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Publication numberUS2580699 A
Publication typeGrant
Publication dateJan 1, 1952
Filing dateNov 17, 1948
Priority dateNov 17, 1948
Publication numberUS 2580699 A, US 2580699A, US-A-2580699, US2580699 A, US2580699A
InventorsPfetzing Henry V
Original AssigneeKent Moore Organization Inc
Export CitationBiBTeX, EndNote, RefMan
External Links: USPTO, USPTO Assignment, Espacenet
Apparatus for viewing the undercarriage of a vehicle
US 2580699 A
Abstract  available in
Images(1)
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Claims  available in
Description  (OCR text may contain errors)

Jan. 1, 1952 H. v. PFETZING ,6

APPARATUS FOR VIEWING THE UNDERCARRIAGE OF A VEHICLE Filed Nov. 17, 1948 2404/01: i/ a/ua Patented Jan. 1, 1952 APPARA'IIIJSLEOR VIEWING THEL UNDER- LCARRIKGE OFA-VEHICIJE Henry V. Pfetzing,-;: Jackson, f-Mi ch, assigx-rorsto sKentsll/IoorefirganizationnInahDetroit, iM-ich va corporations Michigan ApplicationNoveniber 17; 1948fSeiiaI No3 6M562 Elaims. *1

This 1 invention relates to an improved "device --and process of viewing 7 the undercarriage of a vehicle.

*An "obj ect is i to provide -a-simple,'- inexpensive, easily operable mechanism for "and "method-"of viewing andof studying the entire under-body of 1a vehicle-while the vehicle 'is'standingonthe ffloor-and the-observer is also-standing *onthe {To determine whether "repair necessaryrand the charactero'f tlierepair needed on" the underhody of a motor'vehi'cle," it is :nowpustomary-for the vehicle to be" elevated ona "hoist or for'the mechanic to slide" underneath the vehicle. 1 Both methods are time consuming'and neithermeth'od permits the customer to readily view the'work free from exposure of dirt and grease thereof. Furthermore, occasions also arise'in which when fthe vehicle is elevatedand theloadistaken ofi the wheels'the parts'needingjcorrection do not display (their .deiects because of the fact "that the, load has been'taken on thewhe'els'an'dithe vehicle is'not occupying .anormal'p'osition.

With my improved apparatus and process it ispossibleto easily. and: quickly expose theentire undercarriage .of the vehicle to the scrutiny of the mechanic and also to the 'scrutinytof the customer and while the vehicle is occupyingiits normal roadiposition, and it is also possible. for

the mechanic'to readily point out to thecustomer the, correction required.

- Another object is to provide a device o'fsimple, compact -construction, light weight and readily inovaoleffrom. one, place to another and through the use of whichthe.undercarriage of the vehicle,

mayLhe illuminated and scrutinized andyany'observable defects maylbe easily pointed'outto theownerof the vehicle.

. Other objects, advantages and meritorious'leatures willniore'fully appearifrom the'i'followin s description, claims and accompanying drawings, wherein:

Fig. 1 is alperspectivesofsa-device embodying my invention;

" F-igJZ is 'a schematic view showing m-yun'idercarriage viewing instrument in elevation and adapted to be inserted underneath an automobile body;

Fig-J3 is..a longitudinal sectional view through the viewing instrument shown in Fig.1}. and

Fig. 4. iS-a'fragmentary elevation of.-the.handle connection. I

In examining the undercarriage of a motor vehicle, it is now customary to elevate the vehicle upon a hoist or for the mechanic to slide underneath it platform 502L117. I'L'Both io'perations are itimerconsuming. Neitherpermits the -view- 2 ing fof the: undercarriageifree "from aexposure? to the dirt thereof. IFurthermore, :it'is frequently 5 desirable to examine the iurfdercarriage while the vehicle is supported in the normal: manner upon the road Wheels. 1; My iimproved "viewing 'levice istadapted to p'ermit'itheviewing ofithe undercarriage of 'iai vehicle while the .tsameais 10' supported -upon th floor:ofaservice/station. .It so pe'rrn its' he prospective workiitoebe viewed 'hy -the owner. lwellzasitheimechanic.

-The-Seievi'cecomprises azlowz'carti'supported upon 4 easters ii-D. The hody lof ithe' cart'zisrofselongate 'The -bci'dy' is relativlyf shallow. :ltr'hasia ;.bottom "av-all i fi andsan opaque topiwallv section 1 4.8 which superimposes lthe intermediate rp'ortioniiof lathe ttom wall. one-endcof the cart ishereishown '20 a ewider than theother.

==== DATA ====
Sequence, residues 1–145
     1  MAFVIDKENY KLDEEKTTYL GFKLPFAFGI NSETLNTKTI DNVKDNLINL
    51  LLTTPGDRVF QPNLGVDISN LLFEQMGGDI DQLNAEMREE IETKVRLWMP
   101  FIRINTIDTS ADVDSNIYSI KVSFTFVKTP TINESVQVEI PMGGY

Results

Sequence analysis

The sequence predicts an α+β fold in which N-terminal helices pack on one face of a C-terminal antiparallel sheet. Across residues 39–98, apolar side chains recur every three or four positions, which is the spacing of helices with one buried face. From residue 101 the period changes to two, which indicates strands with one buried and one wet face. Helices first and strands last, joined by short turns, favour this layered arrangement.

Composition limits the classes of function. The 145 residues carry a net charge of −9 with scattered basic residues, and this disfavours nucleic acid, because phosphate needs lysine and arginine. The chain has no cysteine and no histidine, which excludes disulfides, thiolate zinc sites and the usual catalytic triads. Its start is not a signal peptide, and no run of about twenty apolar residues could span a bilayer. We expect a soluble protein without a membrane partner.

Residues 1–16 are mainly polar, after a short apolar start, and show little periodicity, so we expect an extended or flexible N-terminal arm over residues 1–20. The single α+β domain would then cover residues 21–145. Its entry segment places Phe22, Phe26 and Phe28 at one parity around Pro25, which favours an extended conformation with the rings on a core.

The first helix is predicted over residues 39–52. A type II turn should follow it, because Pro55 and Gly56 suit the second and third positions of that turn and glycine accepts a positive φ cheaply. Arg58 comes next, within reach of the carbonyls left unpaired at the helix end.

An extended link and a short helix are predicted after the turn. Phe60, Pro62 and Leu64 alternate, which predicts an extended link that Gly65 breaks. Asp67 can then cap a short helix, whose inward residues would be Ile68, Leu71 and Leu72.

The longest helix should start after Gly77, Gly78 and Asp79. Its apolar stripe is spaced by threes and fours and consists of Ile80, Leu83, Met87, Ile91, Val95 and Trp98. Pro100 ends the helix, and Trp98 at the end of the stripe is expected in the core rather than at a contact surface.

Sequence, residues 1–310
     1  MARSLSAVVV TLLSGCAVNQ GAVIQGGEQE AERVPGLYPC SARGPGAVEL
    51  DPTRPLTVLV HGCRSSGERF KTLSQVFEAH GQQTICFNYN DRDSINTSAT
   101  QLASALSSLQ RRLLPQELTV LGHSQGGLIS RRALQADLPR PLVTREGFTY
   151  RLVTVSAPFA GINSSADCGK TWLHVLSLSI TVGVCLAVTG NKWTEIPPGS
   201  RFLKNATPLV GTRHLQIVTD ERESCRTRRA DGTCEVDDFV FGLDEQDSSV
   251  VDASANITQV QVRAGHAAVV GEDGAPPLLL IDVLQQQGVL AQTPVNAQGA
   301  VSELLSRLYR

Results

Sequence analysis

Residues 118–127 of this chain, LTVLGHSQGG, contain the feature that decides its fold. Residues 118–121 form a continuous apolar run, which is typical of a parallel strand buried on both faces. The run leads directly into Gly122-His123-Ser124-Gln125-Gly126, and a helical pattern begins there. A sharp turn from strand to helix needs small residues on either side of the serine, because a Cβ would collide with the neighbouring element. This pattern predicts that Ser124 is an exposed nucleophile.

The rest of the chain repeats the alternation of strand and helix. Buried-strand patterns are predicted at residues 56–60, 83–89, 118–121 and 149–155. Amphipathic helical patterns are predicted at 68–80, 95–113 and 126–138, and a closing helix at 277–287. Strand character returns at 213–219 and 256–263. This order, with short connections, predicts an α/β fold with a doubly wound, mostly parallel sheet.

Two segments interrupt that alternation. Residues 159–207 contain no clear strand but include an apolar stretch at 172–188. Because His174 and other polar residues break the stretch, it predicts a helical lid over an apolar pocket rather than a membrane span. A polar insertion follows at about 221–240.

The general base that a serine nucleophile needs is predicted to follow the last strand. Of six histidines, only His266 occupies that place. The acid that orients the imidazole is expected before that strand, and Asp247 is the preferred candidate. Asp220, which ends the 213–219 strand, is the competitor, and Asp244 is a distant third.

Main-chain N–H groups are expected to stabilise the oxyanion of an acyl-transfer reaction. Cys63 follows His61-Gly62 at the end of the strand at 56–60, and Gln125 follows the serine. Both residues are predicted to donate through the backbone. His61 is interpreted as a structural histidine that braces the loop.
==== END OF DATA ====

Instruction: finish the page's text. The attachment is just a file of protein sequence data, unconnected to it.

- t- -the W-ide' *end 'iof the 'cart therexisfprovided vi'r ith-in the interior iof the iibody an elongate transverse trough fformed'iof J suitable light i-reliectin'g materialfishaped 'as i-shown in Figs. 1 and 5 3. l i light bulb 22-;is "supported within: the "body=at'each end ofthe' trough. -'Anielectric light cord z lmay eat-tend from :the handleaand through -tl-i'e bo'dy' -to these ":light bulbs. -It may be pro- -y-iued 1with.: a control sw'itch Z u and coupled with a suitable extension-cord.

Aniarfgulartransverse frame 128 extends: across the body adiacent to therrefiectori 20 :iand serves was a support fora fmirror i 'afl. The "mirror texi' tBIiTdVS from the inner imargin .201 the reflector 'trough -towartr:thfloortfi: of -the bodyratzan angle o'fcapproi'cimately 145 =with respect ito the plane 'of the body. Tr-iis mirroriis'secured' to'and sup- "ported "by- :the transverse frame member "2 8. A tra-nsparent plate" 32 "which may be formed of =relatively non shatterable plastic or the'like exteridsacrbss '"the -top of thbodydirectly above thenfiectoWtrough and themirrortt asshown f' Figs. l'iand'i 3. T This plate) permits light "rays to *pa'ssreadily therethrough. It also protects the mirror 39 and the reflector trough"from'ac- .cideritatinjury.

Atthefopposite"endof the'body is a transverse "supportin ifra'me member "34. Secured to "the ."face rifithisFframwmemberis a'mirrortfi. 'This soi'm'irror '36'ffaces themirror tfl and is disposed iat ianzangle.bffsubstantially 4'5 with respect to the plane ofthe" body. Anon 'shatterable' transparent plate 38 is disposed directly above the mirror 36. The panel I8 is formed. of opaque material. It extends between the panels 32 and 3 38 and forms with the side walls and the bottom wall of the body a tunnel which is darkened inside and constitutes a passageway for a transmission of light rays from the mirror to the mirror 36.

A handle 40 is secured to the narrow end of the body. The uprights of this handle are shown as provided with slots 42 at their bottom ends. Thumb screws 44 are provided to secure the handle to the body and to permit the handle to be elevated so that it can be swung to a flat posi-- tion on top of the body in order that the device may be stored within a minimum of space.

When it is desired to observe the undercarriage of a vehicle, the wide end of the device is shoved underneath of the vehicle and the electric lights are turned on to illuminate the undercarriage. The device is so positioned that the desired part of the undercarriage is illuminated and is reflected in the mirror 30. The reflection in the mirror 30 is visible in the mirror 36. The mirror 36 is disposed outside of the vehicle so that it can be viewed by the mechanic and an observer. The particular work to be done can, therefore, be easily ascertained.